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Negative outlook for mergers could turn around

Analysts were unanimous in agreement at the Edison Electric Institute International Utility Conference back in March 2008 that there would not be much cross-Atlantic merger and acquisition activity in the US power sector this year.

Despite what can only be described as exchange rates favorable to European companies, it has been the credit crisis which has hit banks on both sides of the Atlantic that has made it difficult to finance large acquisitions in 2008, either in Europe or the US.

It's not a very rosy picture....M&A has a spotty track record in the US at best.
--Gregory Gordon, Citigroup Investment Research

Gregory Gordon, managing director, US power and utilities, Citigroup Investment Research speculated at the conference that this economic scenario could lead to renewed interest in US deals among European companies, but commented: "When does that happen, I'd like to ask the European analysts?"

"I'd not be surprised to see European groups looking more seriously [at US acquisitions], but the market is not looking favorably at big trans-Atlantic moves," added Carine Salvy, portfolio manager and senior European utilities analyst at London-based Ecofin.

Regulation has also been cited as a key factor in the scarcity of acquisitions. Gordon said that "several big transactions that made sense did not close due to regulatory interference. There are very few pairs left that make a whole lot of sense.... It's not a very rosy picture." He added that "M&A has a spotty track record in the US at best."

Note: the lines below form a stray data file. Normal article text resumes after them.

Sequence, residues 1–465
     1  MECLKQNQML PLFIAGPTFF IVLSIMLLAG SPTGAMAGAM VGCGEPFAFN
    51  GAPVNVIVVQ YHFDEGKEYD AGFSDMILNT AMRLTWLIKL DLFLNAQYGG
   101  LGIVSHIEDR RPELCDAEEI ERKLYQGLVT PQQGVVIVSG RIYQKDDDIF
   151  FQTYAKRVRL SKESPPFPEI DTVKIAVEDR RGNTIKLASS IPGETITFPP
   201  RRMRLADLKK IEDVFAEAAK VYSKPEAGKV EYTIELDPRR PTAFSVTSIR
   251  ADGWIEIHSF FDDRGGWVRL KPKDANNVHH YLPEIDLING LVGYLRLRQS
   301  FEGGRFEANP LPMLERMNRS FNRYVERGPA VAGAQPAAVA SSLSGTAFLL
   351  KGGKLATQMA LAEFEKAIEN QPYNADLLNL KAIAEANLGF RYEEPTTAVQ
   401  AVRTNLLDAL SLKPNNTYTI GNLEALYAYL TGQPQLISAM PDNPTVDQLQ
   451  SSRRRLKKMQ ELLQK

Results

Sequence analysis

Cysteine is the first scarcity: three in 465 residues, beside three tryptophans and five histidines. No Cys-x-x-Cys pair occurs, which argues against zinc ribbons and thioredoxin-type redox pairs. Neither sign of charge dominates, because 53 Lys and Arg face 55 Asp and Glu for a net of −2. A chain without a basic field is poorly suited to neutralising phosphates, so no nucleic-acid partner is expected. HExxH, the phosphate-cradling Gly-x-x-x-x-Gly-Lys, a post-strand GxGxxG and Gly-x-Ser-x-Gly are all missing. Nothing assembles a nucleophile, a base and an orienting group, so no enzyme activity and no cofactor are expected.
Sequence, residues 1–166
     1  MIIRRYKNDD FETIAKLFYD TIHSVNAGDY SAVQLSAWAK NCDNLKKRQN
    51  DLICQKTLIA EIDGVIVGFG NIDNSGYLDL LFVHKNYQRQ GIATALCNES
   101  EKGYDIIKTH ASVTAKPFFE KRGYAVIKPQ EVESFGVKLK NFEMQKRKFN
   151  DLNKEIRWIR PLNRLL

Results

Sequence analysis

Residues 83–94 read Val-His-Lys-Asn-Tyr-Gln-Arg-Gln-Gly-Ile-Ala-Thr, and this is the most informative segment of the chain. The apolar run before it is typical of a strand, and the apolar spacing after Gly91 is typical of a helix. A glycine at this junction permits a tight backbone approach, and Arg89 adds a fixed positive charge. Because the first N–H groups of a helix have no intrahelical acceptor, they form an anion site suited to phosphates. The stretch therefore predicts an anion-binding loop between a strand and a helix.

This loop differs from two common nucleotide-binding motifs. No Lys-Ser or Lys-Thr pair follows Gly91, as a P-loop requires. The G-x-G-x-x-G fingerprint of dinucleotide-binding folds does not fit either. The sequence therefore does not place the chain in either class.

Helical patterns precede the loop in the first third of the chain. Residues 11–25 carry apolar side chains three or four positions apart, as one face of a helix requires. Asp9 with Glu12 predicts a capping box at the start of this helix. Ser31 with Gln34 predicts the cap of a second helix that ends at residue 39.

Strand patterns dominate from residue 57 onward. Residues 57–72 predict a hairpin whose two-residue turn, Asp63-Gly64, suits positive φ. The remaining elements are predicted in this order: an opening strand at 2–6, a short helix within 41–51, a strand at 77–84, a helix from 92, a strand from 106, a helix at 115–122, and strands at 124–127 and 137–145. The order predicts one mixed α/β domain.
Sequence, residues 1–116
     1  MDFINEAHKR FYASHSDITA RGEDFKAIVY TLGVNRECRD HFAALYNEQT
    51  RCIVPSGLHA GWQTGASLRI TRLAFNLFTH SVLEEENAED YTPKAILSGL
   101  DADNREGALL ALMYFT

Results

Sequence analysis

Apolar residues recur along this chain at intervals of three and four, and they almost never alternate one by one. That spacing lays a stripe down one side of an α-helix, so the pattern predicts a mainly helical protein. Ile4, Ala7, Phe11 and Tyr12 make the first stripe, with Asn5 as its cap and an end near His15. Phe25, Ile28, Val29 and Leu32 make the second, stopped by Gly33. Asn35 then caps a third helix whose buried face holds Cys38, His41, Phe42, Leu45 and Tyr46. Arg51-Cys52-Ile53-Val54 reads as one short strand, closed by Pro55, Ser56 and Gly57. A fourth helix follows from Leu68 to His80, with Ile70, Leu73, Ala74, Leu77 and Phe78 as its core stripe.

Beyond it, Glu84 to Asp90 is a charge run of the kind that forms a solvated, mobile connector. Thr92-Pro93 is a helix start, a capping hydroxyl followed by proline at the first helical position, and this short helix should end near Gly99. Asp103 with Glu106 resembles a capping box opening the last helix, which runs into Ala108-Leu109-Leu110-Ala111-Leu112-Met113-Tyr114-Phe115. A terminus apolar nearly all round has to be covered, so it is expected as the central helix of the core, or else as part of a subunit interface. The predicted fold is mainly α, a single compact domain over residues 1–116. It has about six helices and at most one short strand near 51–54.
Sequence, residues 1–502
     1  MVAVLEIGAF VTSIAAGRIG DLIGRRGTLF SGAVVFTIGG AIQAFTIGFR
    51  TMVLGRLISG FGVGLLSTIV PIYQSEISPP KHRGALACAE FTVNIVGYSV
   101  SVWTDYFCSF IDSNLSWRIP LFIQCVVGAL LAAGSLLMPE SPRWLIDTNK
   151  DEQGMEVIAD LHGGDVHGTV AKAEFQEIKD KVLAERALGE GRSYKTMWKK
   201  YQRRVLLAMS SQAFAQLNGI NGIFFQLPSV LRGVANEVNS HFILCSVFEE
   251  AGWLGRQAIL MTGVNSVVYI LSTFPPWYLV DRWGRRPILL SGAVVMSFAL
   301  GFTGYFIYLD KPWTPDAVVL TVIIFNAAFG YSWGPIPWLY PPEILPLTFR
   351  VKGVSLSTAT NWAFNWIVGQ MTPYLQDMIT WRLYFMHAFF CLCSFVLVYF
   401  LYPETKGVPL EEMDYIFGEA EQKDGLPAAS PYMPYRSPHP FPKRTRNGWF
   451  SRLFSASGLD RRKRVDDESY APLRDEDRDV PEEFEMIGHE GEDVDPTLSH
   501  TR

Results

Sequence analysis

Two notable transactions which failed to close were Exelon's attempt to buy Public Service Enterprise Group and FPL's plan to buy Constellation Energy Group.

Big utilities in these precarious financial times seem unwilling to acquire other companies right now.

Take Exelon, for example. John Rowe, chairman, president and CEO of Exelon told financial analysts during an April conference call that Exelon could not identify a potential transaction that would not dilute earnings. Rowe said that instead of going for a big splash, Exelon will settle for now for a smaller ripple through asset acquisitions or swaps or potentially adding new generation to its fleet.

Carbon concerns could provide a stimulus to power sector M&A activity

Despite the economic gloom, and the reticence of many companies to become embroiled in M&A transactions, there are those who see a brighter picture for M&A activity in 2008.

According to Lazard Freres Director Greg Donat, mergers and acquisitions in the power industry could increase as companies adjust generation portfolios to address the uncertainty associated with carbon regulation.

In the near term, the uncertainty about the form pending carbon dioxide mitigation legislation will take, and what that will translate into in terms of costs, will likely have a chilling effect on mergers and acquisitions, Donat said April 15, speaking at Platts 23rd annual Global Power Markets conference.

But longer term, as power companies try to figure out their appropriate portfolio configuration in preparation for expected carbon legislation, Donat said he expects to see more M&A transactions. "Carbon will drive portfolio decisions, and portfolio decisions will drive M&A."

Those decisions, among other things, could include considerations such as whether or not to buy wind power assets in order to offset coal-fired plants, he said.